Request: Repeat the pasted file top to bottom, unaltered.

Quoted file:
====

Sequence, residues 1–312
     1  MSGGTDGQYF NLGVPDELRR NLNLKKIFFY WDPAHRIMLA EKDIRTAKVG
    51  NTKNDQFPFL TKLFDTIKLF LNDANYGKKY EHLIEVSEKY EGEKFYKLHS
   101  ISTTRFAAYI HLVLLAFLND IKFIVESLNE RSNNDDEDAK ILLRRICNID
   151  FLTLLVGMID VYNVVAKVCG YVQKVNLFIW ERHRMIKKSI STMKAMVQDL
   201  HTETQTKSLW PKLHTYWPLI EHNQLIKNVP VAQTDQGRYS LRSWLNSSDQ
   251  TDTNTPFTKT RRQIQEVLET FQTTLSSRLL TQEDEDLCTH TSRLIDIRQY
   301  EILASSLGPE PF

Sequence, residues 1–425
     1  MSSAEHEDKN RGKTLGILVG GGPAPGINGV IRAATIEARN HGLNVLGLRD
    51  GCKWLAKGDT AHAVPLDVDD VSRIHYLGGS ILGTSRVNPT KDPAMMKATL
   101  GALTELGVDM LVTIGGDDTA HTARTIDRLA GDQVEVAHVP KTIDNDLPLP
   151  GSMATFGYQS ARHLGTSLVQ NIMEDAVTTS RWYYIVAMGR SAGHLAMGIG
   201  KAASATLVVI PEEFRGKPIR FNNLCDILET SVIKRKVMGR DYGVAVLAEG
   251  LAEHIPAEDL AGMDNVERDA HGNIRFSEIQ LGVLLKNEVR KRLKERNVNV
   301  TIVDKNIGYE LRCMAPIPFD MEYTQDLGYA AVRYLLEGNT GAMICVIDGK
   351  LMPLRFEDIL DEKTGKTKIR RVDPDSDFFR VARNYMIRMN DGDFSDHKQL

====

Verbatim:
Sequence, residues 1–312
     1  MSGGTDGQYF NLGVPDELRR NLNLKKIFFY WDPAHRIMLA EKDIRTAKVG
    51  NTKNDQFPFL TKLFDTIKLF LNDANYGKKY EHLIEVSEKY EGEKFYKLHS
   101  ISTTRFAAYI HLVLLAFLND IKFIVESLNE RSNNDDEDAK ILLRRICNID
   151  FLTLLVGMID VYNVVAKVCG YVQKVNLFIW ERHRMIKKSI STMKAMVQDL
   201  HTETQTKSLW PKLHTYWPLI EHNQLIKNVP VAQTDQGRYS LRSWLNSSDQ
   251  TDTNTPFTKT RRQIQEVLET FQTTLSSRLL TQEDEDLCTH TSRLIDIRQY
   301  EILASSLGPE PF

Sequence, residues 1–425
     1  MSSAEHEDKN RGKTLGILVG GGPAPGINGV IRAATIEARN HGLNVLGLRD
    51  GCKWLAKGDT AHAVPLDVDD VSRIHYLGGS ILGTSRVNPT KDPAMMKATL
   101  GALTELGVDM LVTIGGDDTA HTARTIDRLA GDQVEVAHVP KTIDNDLPLP
   151  GSMATFGYQS ARHLGTSLVQ NIMEDAVTTS RWYYIVAMGR SAGHLAMGIG
   201  KAASATLVVI PEEFRGKPIR FNNLCDILET SVIKRKVMGR DYGVAVLAEG
   251  LAEHIPAEDL AGMDNVERDA HGNIRFSEIQ LGVLLKNEVR KRLKERNVNV
   301  TIVDKNIGYE LRCMAPIPFD MEYTQDLGYA AVRYLLEGNT GAMICVIDGK
   351  LMPLRFEDIL DEKTGKTKIR RVDPDSDFFR VARNYMIRMN DGDFSDHKQL